Letter from Sado is an exciting new piece for young band based on a Japanese haiku of the same name. Sado refers to Sado Island in Japan in which various artists, religious and military leaders were sent in exile many years ago. The island has historically had a strong community of taiko drummers and as such, the piece incorporates optional homemade taiko drums.

Blackshaw writes: “To capture the idea of interpretation and the concept of “reading between the lines,” the students are invited to become decision makers about particular sections in the music. For example, the opening and closing sections of the piece use the same material, which is a selection of repeated melodic figures. The students themselves decide how to play these figures as individuals, in small teams and then as a whole band. Their decisions include ideas regarding tempo (how fast?), dynamics (how loud?), and articulation (smooth, short, or hard?). To inspire them, we use the haiku poem; i.e., the opening section invites the students to play the material as if it were a “stormy, wild sea” and the closing section invites the students to play the same melodic figures but this time, draw their inspiration from “Heaven’s River,” or as we know it, the Milky Way.

In-between, there is an elaborate, heavily textured section that becomes increasingly powerful. The music doesn’t rest harmonically until the whole band plays in unison. These multiple layers of sound represent the many thoughts and ideas that would have surrounded those individuals sent to Sado Island in exile, the final unison is representative of their own breakthrough experience sending them on a pathway to inner peace and acceptance.”

Embrace your players’ creativity, offer them your trust, and see how far Letter from Sado can take your band! And, read Jodie Blackshaw’s 2018 blog post ‘Compose with music concepts in rehearsal using Letter from Sado‘ to learn about all of the wonderful teaching opportunities found in the piece.


1- Conductor

2- Flute
2- Oboe
2- B-flat Clarinet

2- Flute
2- B-flat Clarinet
2- E-flat Alto Saxophone

2- E-flat Alto Saxophone
2- B-flat Trumpet

2- B-flat Trumpet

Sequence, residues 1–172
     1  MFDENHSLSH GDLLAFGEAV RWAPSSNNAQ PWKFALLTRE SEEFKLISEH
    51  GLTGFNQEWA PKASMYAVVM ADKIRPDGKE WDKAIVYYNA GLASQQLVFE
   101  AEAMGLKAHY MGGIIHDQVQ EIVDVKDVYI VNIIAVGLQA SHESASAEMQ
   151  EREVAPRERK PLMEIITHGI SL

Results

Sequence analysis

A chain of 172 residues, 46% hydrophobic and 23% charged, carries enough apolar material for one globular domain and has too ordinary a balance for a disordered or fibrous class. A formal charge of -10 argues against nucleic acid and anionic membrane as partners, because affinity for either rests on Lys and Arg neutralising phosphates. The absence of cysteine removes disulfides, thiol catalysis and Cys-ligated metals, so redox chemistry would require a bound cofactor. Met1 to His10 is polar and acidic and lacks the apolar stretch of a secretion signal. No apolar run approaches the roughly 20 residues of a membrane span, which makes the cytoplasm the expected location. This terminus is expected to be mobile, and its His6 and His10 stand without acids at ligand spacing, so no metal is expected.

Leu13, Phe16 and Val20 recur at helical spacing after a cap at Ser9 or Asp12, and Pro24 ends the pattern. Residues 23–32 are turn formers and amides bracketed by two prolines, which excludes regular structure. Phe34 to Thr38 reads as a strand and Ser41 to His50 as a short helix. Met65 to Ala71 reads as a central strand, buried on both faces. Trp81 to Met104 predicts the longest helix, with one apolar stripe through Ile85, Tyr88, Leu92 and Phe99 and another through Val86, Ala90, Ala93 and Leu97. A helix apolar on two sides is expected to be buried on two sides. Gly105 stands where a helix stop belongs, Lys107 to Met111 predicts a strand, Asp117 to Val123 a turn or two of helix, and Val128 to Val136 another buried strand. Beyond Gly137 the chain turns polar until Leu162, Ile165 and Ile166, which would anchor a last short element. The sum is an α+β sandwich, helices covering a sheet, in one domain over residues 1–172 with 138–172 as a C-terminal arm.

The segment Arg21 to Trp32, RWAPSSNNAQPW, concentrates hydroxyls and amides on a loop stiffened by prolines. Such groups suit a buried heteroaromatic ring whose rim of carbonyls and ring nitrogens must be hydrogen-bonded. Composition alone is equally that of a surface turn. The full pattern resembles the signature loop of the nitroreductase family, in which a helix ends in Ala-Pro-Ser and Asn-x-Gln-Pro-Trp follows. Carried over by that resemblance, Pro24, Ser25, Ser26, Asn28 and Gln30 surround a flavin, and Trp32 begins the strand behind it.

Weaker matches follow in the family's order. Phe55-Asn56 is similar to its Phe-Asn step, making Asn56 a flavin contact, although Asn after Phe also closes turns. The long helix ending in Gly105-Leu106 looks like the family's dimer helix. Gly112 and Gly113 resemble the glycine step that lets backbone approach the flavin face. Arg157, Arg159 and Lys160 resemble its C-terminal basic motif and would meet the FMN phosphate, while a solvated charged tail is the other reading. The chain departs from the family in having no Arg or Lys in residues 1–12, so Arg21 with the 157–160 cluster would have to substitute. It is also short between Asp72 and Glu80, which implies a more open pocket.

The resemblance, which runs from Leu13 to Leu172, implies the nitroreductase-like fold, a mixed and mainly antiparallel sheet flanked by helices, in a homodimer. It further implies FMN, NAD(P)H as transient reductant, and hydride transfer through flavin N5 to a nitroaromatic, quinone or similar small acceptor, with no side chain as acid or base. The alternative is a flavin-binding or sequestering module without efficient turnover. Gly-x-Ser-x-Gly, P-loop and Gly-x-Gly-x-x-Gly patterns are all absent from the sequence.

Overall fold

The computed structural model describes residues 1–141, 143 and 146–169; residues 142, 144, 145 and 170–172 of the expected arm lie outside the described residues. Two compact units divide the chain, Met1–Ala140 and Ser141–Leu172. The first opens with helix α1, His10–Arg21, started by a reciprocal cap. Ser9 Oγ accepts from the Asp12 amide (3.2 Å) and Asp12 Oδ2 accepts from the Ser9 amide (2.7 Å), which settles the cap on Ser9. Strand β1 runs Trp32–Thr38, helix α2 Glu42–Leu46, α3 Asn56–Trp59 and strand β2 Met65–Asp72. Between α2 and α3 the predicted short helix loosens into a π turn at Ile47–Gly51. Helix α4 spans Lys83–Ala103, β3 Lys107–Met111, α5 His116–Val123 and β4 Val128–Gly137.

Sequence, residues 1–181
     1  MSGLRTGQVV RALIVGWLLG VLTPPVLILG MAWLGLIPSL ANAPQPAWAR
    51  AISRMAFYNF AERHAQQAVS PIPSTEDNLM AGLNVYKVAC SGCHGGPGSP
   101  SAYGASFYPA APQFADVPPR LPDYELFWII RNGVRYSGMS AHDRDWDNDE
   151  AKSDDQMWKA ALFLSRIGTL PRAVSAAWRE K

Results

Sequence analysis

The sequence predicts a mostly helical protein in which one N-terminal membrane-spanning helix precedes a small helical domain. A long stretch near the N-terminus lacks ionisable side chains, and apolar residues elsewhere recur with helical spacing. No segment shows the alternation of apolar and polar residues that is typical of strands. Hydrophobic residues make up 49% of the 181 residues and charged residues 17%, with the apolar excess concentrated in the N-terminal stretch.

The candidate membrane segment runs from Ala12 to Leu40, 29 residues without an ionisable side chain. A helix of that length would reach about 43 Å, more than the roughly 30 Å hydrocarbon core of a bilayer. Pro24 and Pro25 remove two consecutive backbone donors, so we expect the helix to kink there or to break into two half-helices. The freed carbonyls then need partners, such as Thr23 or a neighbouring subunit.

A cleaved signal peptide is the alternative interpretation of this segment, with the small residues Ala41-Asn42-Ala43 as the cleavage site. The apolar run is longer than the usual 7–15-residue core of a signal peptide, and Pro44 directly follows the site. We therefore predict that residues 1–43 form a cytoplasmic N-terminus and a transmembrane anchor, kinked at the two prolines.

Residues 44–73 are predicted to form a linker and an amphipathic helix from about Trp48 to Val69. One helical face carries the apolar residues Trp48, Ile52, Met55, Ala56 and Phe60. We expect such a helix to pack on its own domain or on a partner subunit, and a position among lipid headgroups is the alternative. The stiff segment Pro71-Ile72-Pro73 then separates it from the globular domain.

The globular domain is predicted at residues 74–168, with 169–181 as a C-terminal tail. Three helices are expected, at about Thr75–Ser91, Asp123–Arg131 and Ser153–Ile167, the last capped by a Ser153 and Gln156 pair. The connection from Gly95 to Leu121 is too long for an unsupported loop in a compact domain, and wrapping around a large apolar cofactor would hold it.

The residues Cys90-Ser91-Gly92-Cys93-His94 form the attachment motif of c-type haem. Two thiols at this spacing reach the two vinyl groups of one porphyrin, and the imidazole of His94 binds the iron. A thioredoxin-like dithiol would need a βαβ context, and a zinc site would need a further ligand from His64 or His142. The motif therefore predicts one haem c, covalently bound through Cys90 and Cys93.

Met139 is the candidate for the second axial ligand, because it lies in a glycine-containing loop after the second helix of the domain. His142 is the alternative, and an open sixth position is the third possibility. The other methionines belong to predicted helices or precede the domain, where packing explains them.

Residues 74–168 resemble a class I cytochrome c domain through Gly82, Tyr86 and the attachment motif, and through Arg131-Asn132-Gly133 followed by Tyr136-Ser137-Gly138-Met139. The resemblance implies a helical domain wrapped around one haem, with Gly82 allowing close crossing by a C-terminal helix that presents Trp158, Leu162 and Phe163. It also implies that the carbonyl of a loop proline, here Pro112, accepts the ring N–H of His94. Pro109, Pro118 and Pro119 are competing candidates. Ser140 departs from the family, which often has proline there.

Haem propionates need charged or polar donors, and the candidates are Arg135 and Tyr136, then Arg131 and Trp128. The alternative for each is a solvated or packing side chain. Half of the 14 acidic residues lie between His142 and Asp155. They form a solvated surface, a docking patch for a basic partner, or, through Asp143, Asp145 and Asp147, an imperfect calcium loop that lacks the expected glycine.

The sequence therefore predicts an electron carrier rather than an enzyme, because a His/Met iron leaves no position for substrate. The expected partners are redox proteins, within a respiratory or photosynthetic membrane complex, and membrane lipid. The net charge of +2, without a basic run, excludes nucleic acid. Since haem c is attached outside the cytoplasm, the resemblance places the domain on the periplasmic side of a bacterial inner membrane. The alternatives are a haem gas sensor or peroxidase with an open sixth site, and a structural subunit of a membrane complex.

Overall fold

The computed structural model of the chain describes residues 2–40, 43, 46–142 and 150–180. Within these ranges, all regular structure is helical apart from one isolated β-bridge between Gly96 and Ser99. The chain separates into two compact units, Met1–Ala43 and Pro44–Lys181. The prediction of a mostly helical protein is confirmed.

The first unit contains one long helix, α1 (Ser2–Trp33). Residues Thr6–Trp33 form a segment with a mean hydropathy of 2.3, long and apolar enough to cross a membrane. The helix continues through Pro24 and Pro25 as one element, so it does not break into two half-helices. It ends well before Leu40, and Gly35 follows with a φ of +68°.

2- F Horn

2-B-flat Clarinet (optional)
2- B-flat Tenor Saxophone
2- Bassoon
2- Trombone

2- Trombone
2- Baritone B.C.
2- Baritone T.C.

2- B-flat Bass Clarinet
2- E-flat Baritone Saxophone
2- Baritone or Trombone
2- Tuba
1- Keyboard (optional)

2- Mallet Percussion 1
2- Mallet Percussion 2
Tubular Bells
2- Auxilliary Percussion 1
Ocean Drum, Finger Symbals
2- Auxilliary Percussion 2
Ocean Drum, Suspended Cymbal

2- Percussion 1
Homemade PVC Drum or Medium Tom-tom
2- Percussion 2
Homemade Taiko Tire Drum or Low Tom-ton

Meet The Composer

Jodie Blackshaw studied a Bachelor of Music in Composition with Larry Sitsky at the Canberra School of Music, graduating in 1992. Since then, she has worked in several different settings, from outback Australia to inner-city Sydney, teaching music to students of all ages and conducting a variety of concert bands.

Through her teaching, conducting and composing, Blackshaw has passionately searched for a new approach to young band that offers band directors with a product that centres on musical elements other than melody and harmony. In 2001 Jodie completed her Graduate Diploma in Education and during this time, she discovered the Orff-Schulwerk methodology for music education. This approach was the answer she had been searching for and consequently, it has been a significant influence in her works for young musicians.

In 2006 Jodie won the inaugural Frank Ticheli Composition Contest that earned publication of her Grade 1 piece ‘Whirlwind’ with Manhattan Beach Music (MBM). A second work, ‘Terpsichorean Dances’ that also won a prize in the same competition is also published with MBM.
In April 2009 Blackshaw travelled to the University of North Texas to work with the UNT Symphonic Wind Band under the baton of Professor Dennis Fisher. This experience culminated in the world premiere of her emotionally compelling Grade 5-6 work, Soulström.

Through 2009-2012 Blackshaw developed an original concept for beginning band repertoire known as the ‘Project Piece’. In early 2012 the Australian Band and Orchestra Director’s Association, Queensland commissioned Blackshaw for two works for the Australian National Band and Orchestra Conference. Due to the short lead-time, she agreed to a post-commission of her freshly completed, foundational ‘Project Piece’ entitled Belah Sun Woman. ‘Twist’, a work for high school band was also completed and both were premiered at the conference.
In December 2012 Jodie presented the clinic ‘Get off the Podium’ alongside Dr. Mark Fonder of Ithaca College and esteemed conductor Professor Craig Kirchhoff at the Midwest Clinic in Chicago, Illinois.

Jodie is fanatical about producing quality, meaningful works for band and appears as a guest clinician and adjudicator for band festivals throughout Australia. She desires that her music not just be “another piece, but an educational and spiritual journey for both the players and the director”.

About The Premiere

This piece was premiered by the Rosemount Middle School Band on May 19, 2014 under the direction of John Zschunke.